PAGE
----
OBAMA: Yes, I’ve got David Jackson (ph).
QUESTION: Thank you, Mr. President.
Getting back to the gun issue.
QUESTION: You alluded to the fact that Washington commission doesn’t have the greatest reputation in the world.
QUESTION: What makes you think this was going to be the difference given the passage of time and the political power of gun rights movements like the National Rifle Association?
OBAMA: Well, this is not -- this is not going to be a commission. Joe is going to gather up some key Cabinet members who have an interest in this issue. We’re going to reach out to a bunch of stakeholders. We’re going to be reaching out to members of Congress who have an interest in this issue. It’s not as if we have to start from scratch. There are a whole bunch of proposals that have been thought about, debated, but, hopefully, also some new ideas in terms of how we deal with this issue.
But their task is gonna be to sift through every good idea that’s out there and even take a look at some bad ideas before disposing of them, and come up with a concrete set of recommendations in about a month.
And I would hope that our memories aren’t so short that what we saw in Newtown isn’t lingering with us, that we don’t remain passionate about it only a month later.
And as soon as we get that, those recommendations, I will be putting forward very specific proposals. I will be talking about them in my State of the Union, and we will be working with interested members of Congress to try to get something done.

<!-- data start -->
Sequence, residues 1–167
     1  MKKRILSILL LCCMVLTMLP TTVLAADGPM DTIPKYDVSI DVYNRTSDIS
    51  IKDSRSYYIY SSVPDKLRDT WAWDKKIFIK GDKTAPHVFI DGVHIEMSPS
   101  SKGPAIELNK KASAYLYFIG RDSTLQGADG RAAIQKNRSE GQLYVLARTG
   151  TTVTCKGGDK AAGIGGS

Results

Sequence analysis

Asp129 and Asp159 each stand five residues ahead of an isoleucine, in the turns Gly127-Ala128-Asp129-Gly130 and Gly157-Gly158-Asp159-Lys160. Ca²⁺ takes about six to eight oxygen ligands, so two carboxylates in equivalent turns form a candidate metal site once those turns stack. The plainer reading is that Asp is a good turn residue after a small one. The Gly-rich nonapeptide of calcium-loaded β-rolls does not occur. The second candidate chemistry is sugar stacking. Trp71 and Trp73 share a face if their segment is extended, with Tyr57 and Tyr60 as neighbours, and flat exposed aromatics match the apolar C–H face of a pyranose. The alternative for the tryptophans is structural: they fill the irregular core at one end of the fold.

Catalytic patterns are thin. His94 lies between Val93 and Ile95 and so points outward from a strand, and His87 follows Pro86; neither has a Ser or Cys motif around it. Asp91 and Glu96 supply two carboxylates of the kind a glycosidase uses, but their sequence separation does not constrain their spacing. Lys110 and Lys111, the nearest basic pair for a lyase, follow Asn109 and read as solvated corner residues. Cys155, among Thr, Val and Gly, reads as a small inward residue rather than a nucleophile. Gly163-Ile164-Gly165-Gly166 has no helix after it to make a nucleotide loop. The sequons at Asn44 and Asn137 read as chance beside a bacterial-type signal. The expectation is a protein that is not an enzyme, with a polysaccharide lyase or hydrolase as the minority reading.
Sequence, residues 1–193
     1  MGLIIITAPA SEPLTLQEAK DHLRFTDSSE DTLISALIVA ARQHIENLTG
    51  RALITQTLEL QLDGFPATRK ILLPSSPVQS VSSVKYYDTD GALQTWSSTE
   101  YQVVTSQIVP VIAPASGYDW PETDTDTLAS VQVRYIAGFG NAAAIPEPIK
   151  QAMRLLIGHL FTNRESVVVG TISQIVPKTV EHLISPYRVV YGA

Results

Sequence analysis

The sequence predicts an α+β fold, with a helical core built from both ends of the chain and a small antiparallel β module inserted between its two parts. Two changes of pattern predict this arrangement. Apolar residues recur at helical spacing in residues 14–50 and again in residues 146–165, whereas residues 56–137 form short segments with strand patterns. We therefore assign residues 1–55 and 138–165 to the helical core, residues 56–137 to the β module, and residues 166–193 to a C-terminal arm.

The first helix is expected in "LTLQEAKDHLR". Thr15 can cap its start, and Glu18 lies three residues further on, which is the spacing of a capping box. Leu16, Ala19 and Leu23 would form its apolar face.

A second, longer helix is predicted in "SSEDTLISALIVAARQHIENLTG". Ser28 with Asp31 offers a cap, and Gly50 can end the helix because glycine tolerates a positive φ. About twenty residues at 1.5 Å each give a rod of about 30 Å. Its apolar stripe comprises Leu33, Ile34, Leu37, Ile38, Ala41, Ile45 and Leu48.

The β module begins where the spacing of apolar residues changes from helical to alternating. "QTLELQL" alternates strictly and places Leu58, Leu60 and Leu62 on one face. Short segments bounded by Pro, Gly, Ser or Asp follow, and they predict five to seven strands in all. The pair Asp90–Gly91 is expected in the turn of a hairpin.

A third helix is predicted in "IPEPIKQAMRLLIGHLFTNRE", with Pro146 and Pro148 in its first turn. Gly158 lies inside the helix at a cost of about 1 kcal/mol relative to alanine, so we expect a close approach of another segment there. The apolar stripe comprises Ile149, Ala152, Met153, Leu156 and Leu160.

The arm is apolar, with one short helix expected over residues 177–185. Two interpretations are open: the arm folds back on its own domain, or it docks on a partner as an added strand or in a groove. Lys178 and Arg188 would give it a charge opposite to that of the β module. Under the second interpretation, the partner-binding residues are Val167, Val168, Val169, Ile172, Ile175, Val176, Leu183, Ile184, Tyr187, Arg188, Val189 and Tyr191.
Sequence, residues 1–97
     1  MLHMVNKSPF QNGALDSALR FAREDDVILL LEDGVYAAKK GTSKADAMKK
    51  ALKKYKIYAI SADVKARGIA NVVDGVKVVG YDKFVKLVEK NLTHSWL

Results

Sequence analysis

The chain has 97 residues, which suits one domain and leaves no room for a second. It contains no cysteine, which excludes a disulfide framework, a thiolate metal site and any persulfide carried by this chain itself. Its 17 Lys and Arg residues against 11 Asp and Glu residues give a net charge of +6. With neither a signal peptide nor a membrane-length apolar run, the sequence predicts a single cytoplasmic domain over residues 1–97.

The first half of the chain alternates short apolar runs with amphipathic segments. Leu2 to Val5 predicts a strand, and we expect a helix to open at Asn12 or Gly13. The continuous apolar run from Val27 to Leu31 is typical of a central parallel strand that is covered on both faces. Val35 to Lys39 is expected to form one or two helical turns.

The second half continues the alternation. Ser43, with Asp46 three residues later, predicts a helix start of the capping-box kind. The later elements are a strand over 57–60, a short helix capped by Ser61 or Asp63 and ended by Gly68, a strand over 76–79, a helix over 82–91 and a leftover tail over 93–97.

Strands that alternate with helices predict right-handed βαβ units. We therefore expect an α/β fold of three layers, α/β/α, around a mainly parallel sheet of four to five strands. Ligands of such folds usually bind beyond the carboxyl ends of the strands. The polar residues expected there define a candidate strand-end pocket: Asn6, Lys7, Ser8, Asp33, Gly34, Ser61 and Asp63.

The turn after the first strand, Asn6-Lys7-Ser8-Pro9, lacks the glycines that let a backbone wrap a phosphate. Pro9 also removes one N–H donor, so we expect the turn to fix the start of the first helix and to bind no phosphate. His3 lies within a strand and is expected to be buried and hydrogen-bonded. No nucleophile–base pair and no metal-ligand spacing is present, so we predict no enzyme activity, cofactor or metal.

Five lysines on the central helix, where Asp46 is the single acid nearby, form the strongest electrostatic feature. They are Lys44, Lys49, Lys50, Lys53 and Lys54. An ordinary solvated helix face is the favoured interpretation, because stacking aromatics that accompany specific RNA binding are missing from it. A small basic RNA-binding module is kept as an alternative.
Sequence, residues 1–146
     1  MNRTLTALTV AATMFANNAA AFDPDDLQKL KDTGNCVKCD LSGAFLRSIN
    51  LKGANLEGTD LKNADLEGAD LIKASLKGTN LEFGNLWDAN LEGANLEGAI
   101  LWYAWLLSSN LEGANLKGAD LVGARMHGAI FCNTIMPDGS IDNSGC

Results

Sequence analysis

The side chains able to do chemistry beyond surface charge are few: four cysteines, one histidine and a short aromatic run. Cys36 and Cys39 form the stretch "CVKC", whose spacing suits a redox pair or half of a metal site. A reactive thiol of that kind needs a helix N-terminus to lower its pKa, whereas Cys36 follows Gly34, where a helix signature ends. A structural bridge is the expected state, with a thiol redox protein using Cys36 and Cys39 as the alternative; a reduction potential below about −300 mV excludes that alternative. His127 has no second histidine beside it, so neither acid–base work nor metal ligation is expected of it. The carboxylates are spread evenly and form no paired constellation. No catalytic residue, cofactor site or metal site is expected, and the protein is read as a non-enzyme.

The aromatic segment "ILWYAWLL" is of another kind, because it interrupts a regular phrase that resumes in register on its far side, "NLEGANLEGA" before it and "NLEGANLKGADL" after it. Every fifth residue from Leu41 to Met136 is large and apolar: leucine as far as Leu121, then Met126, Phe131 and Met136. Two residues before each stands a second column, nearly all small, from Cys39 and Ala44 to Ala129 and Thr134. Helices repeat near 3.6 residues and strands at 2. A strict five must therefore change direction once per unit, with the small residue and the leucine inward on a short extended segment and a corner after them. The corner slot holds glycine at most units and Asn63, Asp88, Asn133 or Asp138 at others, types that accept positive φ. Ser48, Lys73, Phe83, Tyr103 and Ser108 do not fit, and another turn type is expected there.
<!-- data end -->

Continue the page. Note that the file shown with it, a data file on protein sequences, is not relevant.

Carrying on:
And -- the idea that we should say, “This is terrible. This is a tragedy. Never again,” and we don’t have the sustained attention span to be able to get this done over the next several months doesn’t make sense.
I -- I have more confidence in the American people than that. I have more confidence in the parents, the mothers and fathers that I’ve been meeting over the last several days all across the country from all political persuasions, including a lot of gun owners who say, “You know what, this time we’ve got to do things differently.”
QUESTION: What about the NRA?
OBAMA: Well, the NRA is -- is an organization who has members who are mothers and fathers, and I would expect that they’ve been impacted by this, as well. And, hopefully, they’ll do some self- reflection.